Boston Mayor Excited About '24 Games Bid Casey Wasserman Takes Over L.A.'s Olympics Bid Boston Mayor Weighing Potential Olympic Bid World Cup Brings Optimism For '16 Rio Games John Fish Touts Boston As Olympic Host City Construction Costs A Concern For Tokyo Games Rio Still Way Behind For '16 Games Olympic Museum Nears Deal With USOC USOC Narrows Possible '24 Bid To Four Cities USOC Meets To Discuss Potential '24 Bid Cities
Upcoming Conferences and Events
SBD/February 21, 2014/Olympics
A Ringing Endorsement? USOC Considering Relaxing Its Enforcement Of Rule 40
Published February 21, 2014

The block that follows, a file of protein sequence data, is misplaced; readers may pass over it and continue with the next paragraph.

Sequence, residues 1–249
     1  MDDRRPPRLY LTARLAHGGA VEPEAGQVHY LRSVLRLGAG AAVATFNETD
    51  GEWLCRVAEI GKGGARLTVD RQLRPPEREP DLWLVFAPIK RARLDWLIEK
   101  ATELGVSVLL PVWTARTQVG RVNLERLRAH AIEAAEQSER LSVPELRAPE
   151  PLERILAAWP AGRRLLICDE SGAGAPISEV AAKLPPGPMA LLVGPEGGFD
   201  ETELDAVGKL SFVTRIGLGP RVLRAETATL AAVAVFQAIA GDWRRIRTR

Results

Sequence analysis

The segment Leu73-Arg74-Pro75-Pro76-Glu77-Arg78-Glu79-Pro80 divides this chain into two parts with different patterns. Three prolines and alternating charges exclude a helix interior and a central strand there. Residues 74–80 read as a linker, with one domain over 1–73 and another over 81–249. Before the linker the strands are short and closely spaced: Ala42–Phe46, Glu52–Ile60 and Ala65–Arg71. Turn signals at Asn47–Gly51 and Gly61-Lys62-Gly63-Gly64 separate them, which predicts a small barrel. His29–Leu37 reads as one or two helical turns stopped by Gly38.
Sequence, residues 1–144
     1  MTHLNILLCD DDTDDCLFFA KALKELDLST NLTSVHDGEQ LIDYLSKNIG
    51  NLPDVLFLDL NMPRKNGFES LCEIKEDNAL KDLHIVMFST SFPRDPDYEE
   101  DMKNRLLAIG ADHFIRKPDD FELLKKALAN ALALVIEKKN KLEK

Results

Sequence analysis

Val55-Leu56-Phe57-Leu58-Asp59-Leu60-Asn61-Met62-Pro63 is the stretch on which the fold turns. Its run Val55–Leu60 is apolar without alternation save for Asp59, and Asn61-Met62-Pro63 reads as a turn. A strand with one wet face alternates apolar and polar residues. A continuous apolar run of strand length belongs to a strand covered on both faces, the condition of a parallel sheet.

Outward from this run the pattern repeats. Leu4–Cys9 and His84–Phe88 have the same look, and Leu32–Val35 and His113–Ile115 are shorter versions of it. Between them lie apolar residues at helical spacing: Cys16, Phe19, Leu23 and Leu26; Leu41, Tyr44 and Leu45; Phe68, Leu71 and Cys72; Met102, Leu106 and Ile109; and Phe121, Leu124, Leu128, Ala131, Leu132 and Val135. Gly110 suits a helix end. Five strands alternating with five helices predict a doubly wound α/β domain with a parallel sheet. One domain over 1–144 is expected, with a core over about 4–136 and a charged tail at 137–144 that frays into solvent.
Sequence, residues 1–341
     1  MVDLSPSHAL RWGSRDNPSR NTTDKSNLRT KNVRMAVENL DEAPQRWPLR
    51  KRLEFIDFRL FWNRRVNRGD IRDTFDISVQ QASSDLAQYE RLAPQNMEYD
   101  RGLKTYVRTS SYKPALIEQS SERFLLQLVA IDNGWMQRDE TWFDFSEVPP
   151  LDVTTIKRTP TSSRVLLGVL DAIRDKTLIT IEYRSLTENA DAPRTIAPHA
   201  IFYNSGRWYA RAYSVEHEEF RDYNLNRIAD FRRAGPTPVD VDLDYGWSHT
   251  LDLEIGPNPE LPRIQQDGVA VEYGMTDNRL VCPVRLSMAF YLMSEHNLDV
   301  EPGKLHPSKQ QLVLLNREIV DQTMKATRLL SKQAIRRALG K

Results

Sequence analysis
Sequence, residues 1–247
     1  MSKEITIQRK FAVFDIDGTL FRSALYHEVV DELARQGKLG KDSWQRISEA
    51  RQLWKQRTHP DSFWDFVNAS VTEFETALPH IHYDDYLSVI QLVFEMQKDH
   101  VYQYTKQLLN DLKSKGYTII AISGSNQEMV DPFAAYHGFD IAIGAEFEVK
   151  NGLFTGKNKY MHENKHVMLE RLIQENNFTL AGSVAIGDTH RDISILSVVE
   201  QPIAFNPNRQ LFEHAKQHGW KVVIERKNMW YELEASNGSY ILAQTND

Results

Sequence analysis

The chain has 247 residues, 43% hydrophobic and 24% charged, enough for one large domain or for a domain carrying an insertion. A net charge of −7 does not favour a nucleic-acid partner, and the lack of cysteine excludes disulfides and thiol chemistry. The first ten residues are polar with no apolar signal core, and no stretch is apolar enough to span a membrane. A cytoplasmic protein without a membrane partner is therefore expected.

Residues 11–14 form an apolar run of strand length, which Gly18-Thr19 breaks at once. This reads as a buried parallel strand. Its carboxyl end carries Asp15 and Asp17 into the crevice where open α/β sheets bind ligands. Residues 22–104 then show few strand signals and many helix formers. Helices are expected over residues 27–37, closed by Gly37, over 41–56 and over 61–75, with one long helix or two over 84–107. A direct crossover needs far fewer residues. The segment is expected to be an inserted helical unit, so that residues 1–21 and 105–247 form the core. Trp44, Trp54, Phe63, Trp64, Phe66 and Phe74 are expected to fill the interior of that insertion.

MAJOR CHANGE IN USOC'S STANCE: This new position is a major change from the one the USOC held for the better part of the last three decades. Historically, it touted Rule 40 so much that athletes even scrub sponsors from their websites before the Olympics begin. U.S. sprinter Sanya Richards-Ross and a number of other athletes attacked Rule 40 on Twitter and at a press conference before the '12 London Games. The athletes' position was that the sponsors who support them year-round should be able to support them when they are competing in their most high-profile event, even if those sponsors are not official Olympic partners. The IOC and USOC have been talking about changing Rule 40 in some way ever since then. However, doing so will not be easy. "The challenge here is it's so subjective," Blackmun said. "If you look at an ad that doesn't use Olympic marks but clearly is Olympic ambush, that's not right and we want to protect our sponsors. But if an athlete has a long-term relationship with a company and they want to continue that and not put it on hold, that's something we need to have a conversation about."